1994: Heeia Elementary School
Heeia Elementary School adopted a beach park and won the award in 1994. Students propagated native plants at school, developed a compost bin on their school grounds, and worked with the community to restore a beach park. They hauled out many bags of trash from the site and then replanted the area using their school compost and the native plants they nurtured at school. What started off as grade 5 project expanded to include the entire school as well as families of students. Mahalo and congratulations to Heeia!

1993: Kapalama Elementary School
The Hawaii Needs Care award was bestowed upon Kapalama Elementary School in 1993. Grades 4, 5 and 6 worked closely with Moanalua Gardens Foundation to learn about Hawaiian geology, water supply, native plants and animals and human changes to the environment. Students participated in a number of bus tours and hikes to learn more about their environment and Hawaiian culture.  They also became involved in recycling and conservation and studied alternative energy sources. At the end of the school year, these hard-working students had a deep understanding of the Hawaiian environment and why it needs care!  Congratulations to Kapalama!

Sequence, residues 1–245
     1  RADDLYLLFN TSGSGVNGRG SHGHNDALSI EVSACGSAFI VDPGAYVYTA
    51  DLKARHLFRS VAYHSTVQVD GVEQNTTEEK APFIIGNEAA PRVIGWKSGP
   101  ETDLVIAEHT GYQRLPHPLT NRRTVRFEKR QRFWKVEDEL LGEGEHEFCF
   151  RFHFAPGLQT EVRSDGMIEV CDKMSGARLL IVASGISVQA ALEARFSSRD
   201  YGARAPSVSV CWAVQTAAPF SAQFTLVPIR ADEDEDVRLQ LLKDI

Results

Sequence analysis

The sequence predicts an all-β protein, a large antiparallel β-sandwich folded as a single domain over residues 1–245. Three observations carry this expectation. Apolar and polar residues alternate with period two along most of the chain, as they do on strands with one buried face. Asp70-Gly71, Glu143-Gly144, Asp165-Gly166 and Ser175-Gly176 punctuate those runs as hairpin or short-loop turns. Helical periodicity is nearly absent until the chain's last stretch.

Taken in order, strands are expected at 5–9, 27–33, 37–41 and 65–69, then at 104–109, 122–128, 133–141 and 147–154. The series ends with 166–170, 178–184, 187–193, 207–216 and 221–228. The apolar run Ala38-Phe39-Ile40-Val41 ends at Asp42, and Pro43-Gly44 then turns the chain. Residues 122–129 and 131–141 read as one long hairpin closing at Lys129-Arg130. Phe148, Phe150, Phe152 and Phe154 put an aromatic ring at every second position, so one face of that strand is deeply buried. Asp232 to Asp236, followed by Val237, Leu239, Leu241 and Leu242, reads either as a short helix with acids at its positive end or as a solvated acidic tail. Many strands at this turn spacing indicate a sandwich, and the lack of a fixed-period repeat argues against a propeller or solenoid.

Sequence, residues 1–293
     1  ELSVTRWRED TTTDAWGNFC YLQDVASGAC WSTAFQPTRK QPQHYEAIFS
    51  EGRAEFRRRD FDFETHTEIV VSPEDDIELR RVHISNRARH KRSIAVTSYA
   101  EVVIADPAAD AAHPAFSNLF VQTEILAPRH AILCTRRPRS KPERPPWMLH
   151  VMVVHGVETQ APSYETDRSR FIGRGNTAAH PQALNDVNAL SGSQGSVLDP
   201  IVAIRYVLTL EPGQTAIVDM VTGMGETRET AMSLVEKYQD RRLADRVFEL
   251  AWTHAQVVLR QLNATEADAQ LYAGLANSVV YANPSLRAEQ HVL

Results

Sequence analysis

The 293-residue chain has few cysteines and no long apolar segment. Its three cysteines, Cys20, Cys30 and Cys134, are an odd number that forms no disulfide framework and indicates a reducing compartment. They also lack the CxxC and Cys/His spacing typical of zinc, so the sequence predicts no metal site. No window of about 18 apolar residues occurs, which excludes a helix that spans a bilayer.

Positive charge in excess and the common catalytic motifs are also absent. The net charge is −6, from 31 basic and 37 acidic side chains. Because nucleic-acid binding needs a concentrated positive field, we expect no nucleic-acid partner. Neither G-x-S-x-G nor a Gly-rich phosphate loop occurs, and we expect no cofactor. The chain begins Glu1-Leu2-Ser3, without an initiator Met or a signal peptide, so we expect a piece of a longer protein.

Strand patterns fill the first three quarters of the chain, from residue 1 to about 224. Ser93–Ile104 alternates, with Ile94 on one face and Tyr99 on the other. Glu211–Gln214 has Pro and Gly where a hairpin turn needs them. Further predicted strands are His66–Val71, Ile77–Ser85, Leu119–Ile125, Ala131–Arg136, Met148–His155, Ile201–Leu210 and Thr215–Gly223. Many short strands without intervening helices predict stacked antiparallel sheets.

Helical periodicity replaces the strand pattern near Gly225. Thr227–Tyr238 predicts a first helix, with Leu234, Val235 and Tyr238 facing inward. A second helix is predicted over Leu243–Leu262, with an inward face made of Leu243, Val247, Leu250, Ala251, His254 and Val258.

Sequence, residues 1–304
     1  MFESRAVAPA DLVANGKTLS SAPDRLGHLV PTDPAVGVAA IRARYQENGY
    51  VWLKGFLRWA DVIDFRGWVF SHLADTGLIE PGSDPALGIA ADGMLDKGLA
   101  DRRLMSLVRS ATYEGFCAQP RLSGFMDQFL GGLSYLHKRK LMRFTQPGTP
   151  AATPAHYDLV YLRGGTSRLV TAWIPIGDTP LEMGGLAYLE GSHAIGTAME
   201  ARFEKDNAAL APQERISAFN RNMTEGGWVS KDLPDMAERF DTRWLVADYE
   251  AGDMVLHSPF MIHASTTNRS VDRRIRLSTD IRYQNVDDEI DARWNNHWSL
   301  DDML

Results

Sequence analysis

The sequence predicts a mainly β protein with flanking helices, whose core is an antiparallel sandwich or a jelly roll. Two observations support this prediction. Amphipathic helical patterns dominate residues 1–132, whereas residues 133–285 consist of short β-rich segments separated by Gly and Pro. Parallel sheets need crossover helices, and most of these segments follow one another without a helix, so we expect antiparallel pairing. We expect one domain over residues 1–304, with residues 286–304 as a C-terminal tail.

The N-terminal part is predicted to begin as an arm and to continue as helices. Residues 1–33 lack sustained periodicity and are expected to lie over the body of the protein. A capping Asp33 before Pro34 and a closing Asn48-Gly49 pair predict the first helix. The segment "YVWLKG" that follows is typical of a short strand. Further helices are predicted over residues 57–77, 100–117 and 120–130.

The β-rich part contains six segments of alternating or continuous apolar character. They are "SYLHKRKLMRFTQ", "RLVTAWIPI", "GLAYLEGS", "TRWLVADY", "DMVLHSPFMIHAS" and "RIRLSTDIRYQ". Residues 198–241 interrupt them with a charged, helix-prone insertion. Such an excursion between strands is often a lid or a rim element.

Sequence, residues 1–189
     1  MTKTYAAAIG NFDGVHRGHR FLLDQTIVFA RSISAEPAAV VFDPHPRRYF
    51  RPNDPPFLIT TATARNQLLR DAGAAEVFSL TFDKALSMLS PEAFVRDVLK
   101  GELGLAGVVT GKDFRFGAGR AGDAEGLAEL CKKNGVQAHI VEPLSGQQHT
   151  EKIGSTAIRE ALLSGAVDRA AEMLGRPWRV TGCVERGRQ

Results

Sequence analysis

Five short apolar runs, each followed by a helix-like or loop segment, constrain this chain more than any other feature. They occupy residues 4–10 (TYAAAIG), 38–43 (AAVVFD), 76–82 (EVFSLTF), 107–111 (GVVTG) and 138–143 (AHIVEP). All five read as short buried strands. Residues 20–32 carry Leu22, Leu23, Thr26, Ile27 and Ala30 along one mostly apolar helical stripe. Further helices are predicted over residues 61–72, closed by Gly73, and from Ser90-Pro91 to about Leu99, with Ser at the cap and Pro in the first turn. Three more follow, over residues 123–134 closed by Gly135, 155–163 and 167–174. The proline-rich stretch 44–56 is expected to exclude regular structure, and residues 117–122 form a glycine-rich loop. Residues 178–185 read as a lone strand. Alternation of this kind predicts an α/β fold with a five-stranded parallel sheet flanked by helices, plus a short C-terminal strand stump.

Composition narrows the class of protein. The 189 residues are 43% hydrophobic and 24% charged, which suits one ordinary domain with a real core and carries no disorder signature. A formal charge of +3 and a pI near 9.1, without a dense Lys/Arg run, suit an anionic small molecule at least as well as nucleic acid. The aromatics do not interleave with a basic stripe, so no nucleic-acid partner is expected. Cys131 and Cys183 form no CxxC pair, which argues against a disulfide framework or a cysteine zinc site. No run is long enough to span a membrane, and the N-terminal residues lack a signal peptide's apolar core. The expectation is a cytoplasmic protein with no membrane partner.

Support MGF

Hawaii Needs Care Contest

Taking Action

Forest Treasures

a selection of out-of-print lessons

(c) All rights reserved.
revised 3 April 2008
Hawaiian diacriticals have been intentionally omitted.